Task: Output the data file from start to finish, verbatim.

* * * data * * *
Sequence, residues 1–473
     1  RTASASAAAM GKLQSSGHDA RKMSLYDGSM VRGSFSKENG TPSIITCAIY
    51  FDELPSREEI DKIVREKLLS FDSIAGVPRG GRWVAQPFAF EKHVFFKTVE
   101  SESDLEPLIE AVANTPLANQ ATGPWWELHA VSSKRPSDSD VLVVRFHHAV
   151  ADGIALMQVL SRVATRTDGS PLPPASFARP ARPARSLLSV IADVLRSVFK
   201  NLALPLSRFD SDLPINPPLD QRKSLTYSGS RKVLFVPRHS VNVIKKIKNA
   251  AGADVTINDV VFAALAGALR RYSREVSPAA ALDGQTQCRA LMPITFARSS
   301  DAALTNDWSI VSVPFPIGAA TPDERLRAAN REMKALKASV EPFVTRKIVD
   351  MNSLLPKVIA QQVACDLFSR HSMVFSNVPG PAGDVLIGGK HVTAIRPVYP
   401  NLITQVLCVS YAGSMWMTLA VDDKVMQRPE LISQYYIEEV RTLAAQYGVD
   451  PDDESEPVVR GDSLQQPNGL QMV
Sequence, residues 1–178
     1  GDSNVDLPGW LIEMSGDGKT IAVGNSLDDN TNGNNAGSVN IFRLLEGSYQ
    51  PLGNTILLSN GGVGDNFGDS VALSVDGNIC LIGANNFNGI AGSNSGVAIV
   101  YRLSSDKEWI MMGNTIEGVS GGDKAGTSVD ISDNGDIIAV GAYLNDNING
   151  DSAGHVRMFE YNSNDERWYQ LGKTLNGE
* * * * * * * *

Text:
Sequence, residues 1–473
     1  RTASASAAAM GKLQSSGHDA RKMSLYDGSM VRGSFSKENG TPSIITCAIY
    51  FDELPSREEI DKIVREKLLS FDSIAGVPRG GRWVAQPFAF EKHVFFKTVE
   101  SESDLEPLIE AVANTPLANQ ATGPWWELHA VSSKRPSDSD VLVVRFHHAV
   151  ADGIALMQVL SRVATRTDGS PLPPASFARP ARPARSLLSV IADVLRSVFK
   201  NLALPLSRFD SDLPINPPLD QRKSLTYSGS RKVLFVPRHS VNVIKKIKNA
   251  AGADVTINDV VFAALAGALR RYSREVSPAA ALDGQTQCRA LMPITFARSS
   301  DAALTNDWSI VSVPFPIGAA TPDERLRAAN REMKALKASV EPFVTRKIVD
   351  MNSLLPKVIA QQVACDLFSR HSMVFSNVPG PAGDVLIGGK HVTAIRPVYP
   401  NLITQVLCVS YAGSMWMTLA VDDKVMQRPE LISQYYIEEV RTLAAQYGVD
   451  PDDESEPVVR GDSLQQPNGL QMV
Sequence, residues 1–178
     1  GDSNVDLPGW LIEMSGDGKT IAVGNSLDDN TNGNNAGSVN IFRLLEGSYQ
    51  PLGNTILLSN GGVGDNFGDS VALSVDGNIC LIGANNFNGI AGSNSGVAIV
   101  YRLSSDKEWI MMGNTIEGVS GGDKAGTSVD ISDNGDIIAV GAYLNDNING
   151  DSAGHVRMFE YNSNDERWYQ LGKTLNGE